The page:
There are things that I learned and absorbed early on in life. If I was asked to elaborate who taught me these things, and how, perhaps all I can give you is a blank stare, but these are lessons that are keenly felt and deeply embedded within my psyche.
I wanted to talk about one such kernel of learning today: the idea of how leader should behave, even when faced with adverse circumstances.
A leader should basically be lithely democratic enough for the followers to embrace the leader wholeheartedly. It should seem as if the leader does not utilize that one stool to stand atop of it even when the leader knows for a fact that no one else, among the mass, has an access to the stool. A leader therefore ought to ultimately be ‘one of the people’.
We have seen numerous leaders over the years. Some of them have been questionable. However, sometimes the spotlight falls on good, capable leaders, and that gives us the opportunity to talk about how good leadership works in practice.
Taking the last few months into account, we can safely say that Jacinda Ardern, the youngest female prime minister in the world, does deserve this kind of spotlight, and thus should be talked about. I hate to use female before prime minister, because she is a prime minister regardless of her gender. But this detail will probably be important for the history books, so it’s there all the same.
PM Jacinda Ardern displayed many exemplary characteristics while dealing with the Christchurch fallout. After the attack she meticulously and effectively called it for what it was; a terrorist attack. She had the facts and she took steps accordingly. She made good on her promise and revamped the country’s gun laws following the incident.
While she worked tirelessly on changing gun laws, she also made it a point to not engage with other world leaders, keeping them at bay at an amicable distance. She remained stalwart despite the waves of anti-Muslim sentiments (along with other opinions) blanketing the global news cycle for days on end. She focused her attention on the job she had been elected to do: attending to the needs of her country.
Instead of ducking blame, Ardern interacted with the media by herself at her own pace.
She addressed the terrorist directly, saying, “You may have chosen us, but we utterly reject and condemn you.”
“He is a terrorist, he is a criminal, he is an extremist, but he will, when I speak, be nameless, and to others I implore you: Speak the names of those who were lost rather than the name of the man who took them,” Ardern said during an address to the New Zealand Parliament. “He may have sought notoriety but we in New Zealand will give him nothing — not even his name.”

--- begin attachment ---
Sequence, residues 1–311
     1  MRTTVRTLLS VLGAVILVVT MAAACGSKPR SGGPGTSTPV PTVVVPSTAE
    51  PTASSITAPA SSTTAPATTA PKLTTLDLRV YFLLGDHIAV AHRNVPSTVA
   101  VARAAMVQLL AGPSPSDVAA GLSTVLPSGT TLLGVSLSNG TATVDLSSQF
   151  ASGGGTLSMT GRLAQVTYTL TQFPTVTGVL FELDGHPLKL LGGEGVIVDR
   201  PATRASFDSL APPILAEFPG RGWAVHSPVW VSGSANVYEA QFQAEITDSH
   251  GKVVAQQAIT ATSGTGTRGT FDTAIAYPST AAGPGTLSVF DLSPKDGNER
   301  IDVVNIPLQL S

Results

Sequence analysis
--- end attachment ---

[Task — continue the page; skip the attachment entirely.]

Her steadfast and witty actions not only were full of heart but they have been lauded by many in the following days. Oprah Winfrey among others markedly exclaimed that her leadership ought to be the global standard. In an interview last year, Ardern voiced that an empathetic leader is harder to be for it requires great strength, in response to other leaders allegedly calling her ‘weak’ as a leader.
The fact that Ardern is a woman is not lost among the media praising her actions, highlighting her empathetic actions in light of her belonging to the fairer sex. However, perhaps some attention should also be paid to her upbringing. Raised by a police officer and a school cafeteria worker, Ardern has displayed a strong sense of service that goes above and beyond many of her peers’ own sense of duty.
A leader and a mother, Ardern has resisted the urge to give into war rhetoric, which has been the go to response since George W. Bush promised vengeance in the wake of 9/11.
Even more remarkably, she has decidedly gone against the option of otherizing the perpetrator. Instead of painting an ‘us vs them’ picture that leaders are wont to do in a post 9/11 landscape, Ardern has focused on drawing a line between what she can do as New Zealand’s Prime Minister and what depends on the global community as a whole.
“My call would be a global one,” Ardern replied to a BBC interviewer, when asked if she was concerned about the rise of white nationalism in New Zealand. “I’m very clear here to make the distinction that yes, this was an Australian citizen, but that is not to say that we do not have ideology in New Zealand that would be an affront to the majority of New Zealanders, that would be utterly rejected by the majority, the vast majority of New Zealanders. But we still have a responsibility to weed it out where it exists and make sure that we never create an environment where it can flourish. But I would make that a global call.”
Ardern’s stoic resolve has earned her the respect of many. On March 22, her face was projected on Dubai’s Burj Khalifa, the tallest building in the world. “Thank you PM @jacindaardern and New Zealand for your sincere empathy and support that has won the respect of 1.5 billion Muslims after the terrorist attack that shook the Muslim community around the world,” Dubai’s prime minister Sheikh Mohammed wrote on Twitter.
Of course, a leader has to be judged on other metrics in addition to her actions during a crisis. However, Ardern’s conduct during these trying times have solidified her mettle as a leader.
She has established a new blueprint for dealing with national tragedies: she grieved, deliberated and acted, all with the consent and participation of her people.
It’s unclear at this point how far Ardern can go when it comes to dealing with gun laws, or with other issues faced by her administration. For now, though, it’s safe to say that the world is in her corner.